Sustainable operations management is characterized by environmental, social and operational goals. The implementation of routines to protect and direct the effective use of human capital is proposed to potentially improve all three dimensions. However, functional managers with overlapping responsibilities at the plant-level might implement human capital routines based on their individual functional schemas. The purpose of this paper is to investigate whether functional managers have conflicting perceptions of human capital routines, due to narrow perceptions benefiting their own functional domain, and thus generate trade-offs.

Design/methodology/approach

A combination of matched survey and archival data from 198 manufacturing plants is used to explore the degree to which functional managers have conflicting perceptions of human capital routines and the effects of these perceptions on sustainability outcomes.

Findings

The results indicate that on average functional managers have conflicting perceptions that generate trade-offs between sustainability dimensions. However, when functional managers had a shared perception better outcomes on all sustainability dimensions are shown. Thus, human capital routines can be a powerful tool for sustainability only if senior management can promote a shared schema across functional managers.

Originality/value

Differently than most previous studies assuming shared sustainability goals within an organization, this study considers a multiplicity of functional actors with potentially varying perceptions about sustainability goals and links these to organizational routine implementation and outcomes. Additionally, the dynamic and subjective nature of organizational routines, such as human capital routines, is proposed to explain contradictory impacts in a multi-objective setting such as sustainable operations management.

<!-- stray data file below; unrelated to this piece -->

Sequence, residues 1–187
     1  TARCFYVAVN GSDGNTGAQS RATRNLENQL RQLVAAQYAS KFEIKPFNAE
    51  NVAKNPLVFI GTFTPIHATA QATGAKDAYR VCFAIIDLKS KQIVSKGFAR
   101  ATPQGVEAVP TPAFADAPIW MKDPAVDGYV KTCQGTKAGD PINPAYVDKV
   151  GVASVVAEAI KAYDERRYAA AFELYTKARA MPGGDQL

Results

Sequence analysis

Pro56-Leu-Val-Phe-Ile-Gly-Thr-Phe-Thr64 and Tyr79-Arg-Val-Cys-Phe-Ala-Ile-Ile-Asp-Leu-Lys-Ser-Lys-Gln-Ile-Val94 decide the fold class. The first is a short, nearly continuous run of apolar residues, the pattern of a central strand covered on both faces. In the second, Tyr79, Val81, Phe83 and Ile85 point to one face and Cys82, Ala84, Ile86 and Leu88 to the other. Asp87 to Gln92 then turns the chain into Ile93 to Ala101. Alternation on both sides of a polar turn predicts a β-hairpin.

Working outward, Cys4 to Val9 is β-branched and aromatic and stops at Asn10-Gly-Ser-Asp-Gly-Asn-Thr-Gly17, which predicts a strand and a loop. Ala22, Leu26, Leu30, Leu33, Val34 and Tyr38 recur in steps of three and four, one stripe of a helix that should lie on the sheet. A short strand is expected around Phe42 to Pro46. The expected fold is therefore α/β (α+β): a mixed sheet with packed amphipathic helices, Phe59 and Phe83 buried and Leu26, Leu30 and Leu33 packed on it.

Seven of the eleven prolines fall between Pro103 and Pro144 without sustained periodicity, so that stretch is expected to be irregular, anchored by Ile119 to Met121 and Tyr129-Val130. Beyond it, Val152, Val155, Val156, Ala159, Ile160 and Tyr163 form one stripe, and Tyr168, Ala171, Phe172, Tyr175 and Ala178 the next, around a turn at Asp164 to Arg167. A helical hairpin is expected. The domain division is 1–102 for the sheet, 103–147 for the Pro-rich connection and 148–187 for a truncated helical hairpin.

Details

International Journal of Operations & Production Management, vol. 39 no. 5
Type: Research Article
ISSN: 0144-3577

Keywords

Content available
Article
Publication date: 3 March 2020

Anton Shevchenko, Mark Pagell, Moren Lévesque and David Johnston

The supply chain management literature and agency theory suggest that preventing supplier non-conformance—a supplier's failure to conform to the requirements of the…

Abstract

Purpose

The supply chain management literature and agency theory suggest that preventing supplier non-conformance—a supplier's failure to conform to the requirements of the buyer—requires monitoring supplier behavior. However, case studies collected to explore how buyers monitored suppliers revealed an unexpected empirical phenomenon. Some buyers believed they could prevent non-conformance by either trusting their suppliers or relying on a third party, without monitoring their behavior. The purpose of this article is to examine conditions when buyers should monitor supplier behavior to prevent non-conformance.

Design/methodology/approach

This article employs a mixed-method design by formulating an agent-based simulation grounded in the case-study findings and agency theory to reconcile observed unexpected behaviors with scholarly suggestions.

Findings

The simulation results indicate that buyers facing severe consequences from non-conformance should opt to monitor supplier behavior. Sourcing from trusted suppliers should only be reserved for buyers that lack competence and have a small number of carefully selected suppliers. Moreover, buyers facing minor consequences from non-conformance should generally favor sourcing from trusted suppliers over monitoring their behavior. The results also suggest that having a third-party involved in monitoring suppliers is an effective path to preventing non-conformance.